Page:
To: Kansas City Southern Railway Company
Date: 7/29/2014
Response: We are disappointed that you believe that the use of after-arrival track authorities can be a safe and efficient option, as we remain convinced that the use of such orders presents unacceptable and unnecessary safety risks and will continue to result in accidents. After-arrival track authorities are very vulnerable to human error, such as the behavioral distractions that contributed to the crew’s disregard of the orders, the inadequate crew resource management, and the crew communication problems that occurred in the May 19, 2004, Gunter, Texas accident. Our investigation report of the September 30, 2010 Two Harbors, Minnesota accident describes our concerns about the use of after-arrival authorities in detail. We therefore request that you reconsider your position on this issue. Pending your further response, Safety Recommendation R-13-16 is classified OPEN—UNACCEPTABLE RESPONSE.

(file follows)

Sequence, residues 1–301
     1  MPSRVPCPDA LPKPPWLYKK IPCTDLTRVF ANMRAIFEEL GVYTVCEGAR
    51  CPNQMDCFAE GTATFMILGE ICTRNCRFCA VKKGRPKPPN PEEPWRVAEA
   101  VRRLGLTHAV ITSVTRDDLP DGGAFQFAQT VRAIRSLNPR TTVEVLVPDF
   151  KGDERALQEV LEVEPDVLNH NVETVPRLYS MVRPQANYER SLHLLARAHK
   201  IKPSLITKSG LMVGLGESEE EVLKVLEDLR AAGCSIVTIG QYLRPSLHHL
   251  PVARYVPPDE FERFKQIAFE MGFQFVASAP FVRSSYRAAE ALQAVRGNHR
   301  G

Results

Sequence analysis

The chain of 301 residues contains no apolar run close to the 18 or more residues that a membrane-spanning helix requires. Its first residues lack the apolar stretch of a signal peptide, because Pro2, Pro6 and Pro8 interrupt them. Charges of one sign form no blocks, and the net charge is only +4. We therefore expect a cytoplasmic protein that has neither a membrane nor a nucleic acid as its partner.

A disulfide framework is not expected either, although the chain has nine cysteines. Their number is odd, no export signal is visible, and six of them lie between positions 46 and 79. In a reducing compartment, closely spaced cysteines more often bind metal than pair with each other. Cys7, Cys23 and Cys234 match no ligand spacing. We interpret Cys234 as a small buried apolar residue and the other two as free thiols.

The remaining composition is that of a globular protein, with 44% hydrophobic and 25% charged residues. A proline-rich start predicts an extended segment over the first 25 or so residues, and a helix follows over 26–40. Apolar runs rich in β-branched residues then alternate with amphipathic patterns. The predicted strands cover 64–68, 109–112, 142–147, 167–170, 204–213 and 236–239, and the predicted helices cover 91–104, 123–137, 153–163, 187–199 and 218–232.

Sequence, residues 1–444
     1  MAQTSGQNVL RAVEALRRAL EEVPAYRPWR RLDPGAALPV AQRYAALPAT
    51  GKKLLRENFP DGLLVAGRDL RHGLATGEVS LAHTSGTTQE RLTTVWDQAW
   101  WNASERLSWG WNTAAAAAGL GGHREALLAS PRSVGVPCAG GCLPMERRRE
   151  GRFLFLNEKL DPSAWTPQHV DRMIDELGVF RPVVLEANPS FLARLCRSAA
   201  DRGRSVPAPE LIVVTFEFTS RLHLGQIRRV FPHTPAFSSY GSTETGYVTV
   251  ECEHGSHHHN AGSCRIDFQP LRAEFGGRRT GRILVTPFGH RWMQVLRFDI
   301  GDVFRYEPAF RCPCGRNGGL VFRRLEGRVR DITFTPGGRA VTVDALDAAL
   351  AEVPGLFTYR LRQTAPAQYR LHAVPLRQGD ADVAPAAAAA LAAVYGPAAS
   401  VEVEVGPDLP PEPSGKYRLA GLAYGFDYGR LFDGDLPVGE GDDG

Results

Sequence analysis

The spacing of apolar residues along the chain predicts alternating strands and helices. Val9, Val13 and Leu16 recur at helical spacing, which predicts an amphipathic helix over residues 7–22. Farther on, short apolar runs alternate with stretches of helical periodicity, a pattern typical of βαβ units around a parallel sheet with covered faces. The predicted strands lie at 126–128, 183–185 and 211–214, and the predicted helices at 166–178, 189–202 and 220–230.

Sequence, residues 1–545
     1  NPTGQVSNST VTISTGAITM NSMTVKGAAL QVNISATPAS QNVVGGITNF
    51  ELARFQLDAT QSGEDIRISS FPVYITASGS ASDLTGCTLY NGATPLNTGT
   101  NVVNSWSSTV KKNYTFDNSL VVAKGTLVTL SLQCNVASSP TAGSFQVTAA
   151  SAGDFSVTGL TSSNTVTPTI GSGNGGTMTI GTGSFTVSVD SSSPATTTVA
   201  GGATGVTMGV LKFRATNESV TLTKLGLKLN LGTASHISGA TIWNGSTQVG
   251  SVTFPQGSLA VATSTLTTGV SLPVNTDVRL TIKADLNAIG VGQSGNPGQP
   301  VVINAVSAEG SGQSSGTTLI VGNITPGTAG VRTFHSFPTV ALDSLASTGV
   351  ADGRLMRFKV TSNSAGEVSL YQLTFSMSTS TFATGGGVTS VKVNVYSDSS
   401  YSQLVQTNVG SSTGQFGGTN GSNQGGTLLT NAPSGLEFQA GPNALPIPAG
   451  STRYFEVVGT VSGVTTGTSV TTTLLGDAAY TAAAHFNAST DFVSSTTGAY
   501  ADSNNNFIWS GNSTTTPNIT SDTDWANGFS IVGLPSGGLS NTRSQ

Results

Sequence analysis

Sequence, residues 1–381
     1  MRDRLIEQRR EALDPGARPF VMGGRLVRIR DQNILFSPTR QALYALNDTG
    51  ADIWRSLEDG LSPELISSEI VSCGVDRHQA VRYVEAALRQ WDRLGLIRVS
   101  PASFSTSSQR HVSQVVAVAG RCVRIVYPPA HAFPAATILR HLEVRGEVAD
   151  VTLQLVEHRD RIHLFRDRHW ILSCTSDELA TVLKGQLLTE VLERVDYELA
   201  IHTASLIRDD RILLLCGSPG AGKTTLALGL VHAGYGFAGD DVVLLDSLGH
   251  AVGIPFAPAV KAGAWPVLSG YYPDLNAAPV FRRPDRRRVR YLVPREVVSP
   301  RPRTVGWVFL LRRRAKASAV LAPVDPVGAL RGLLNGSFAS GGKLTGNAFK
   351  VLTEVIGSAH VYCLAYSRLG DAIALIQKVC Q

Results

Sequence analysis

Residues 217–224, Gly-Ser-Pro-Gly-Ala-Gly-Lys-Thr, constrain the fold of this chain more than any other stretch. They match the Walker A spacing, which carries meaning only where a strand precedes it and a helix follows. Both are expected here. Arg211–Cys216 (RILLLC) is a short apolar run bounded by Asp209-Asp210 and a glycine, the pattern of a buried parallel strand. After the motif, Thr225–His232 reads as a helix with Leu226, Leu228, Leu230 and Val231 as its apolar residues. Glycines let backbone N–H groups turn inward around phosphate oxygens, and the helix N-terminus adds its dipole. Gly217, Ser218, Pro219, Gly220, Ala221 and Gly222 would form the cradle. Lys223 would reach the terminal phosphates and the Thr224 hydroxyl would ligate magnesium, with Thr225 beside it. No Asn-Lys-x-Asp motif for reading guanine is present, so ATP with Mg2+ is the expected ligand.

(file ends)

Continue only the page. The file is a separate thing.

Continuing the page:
From: Kansas City Southern Railway Company
To: NTSB
Date: 6/10/2014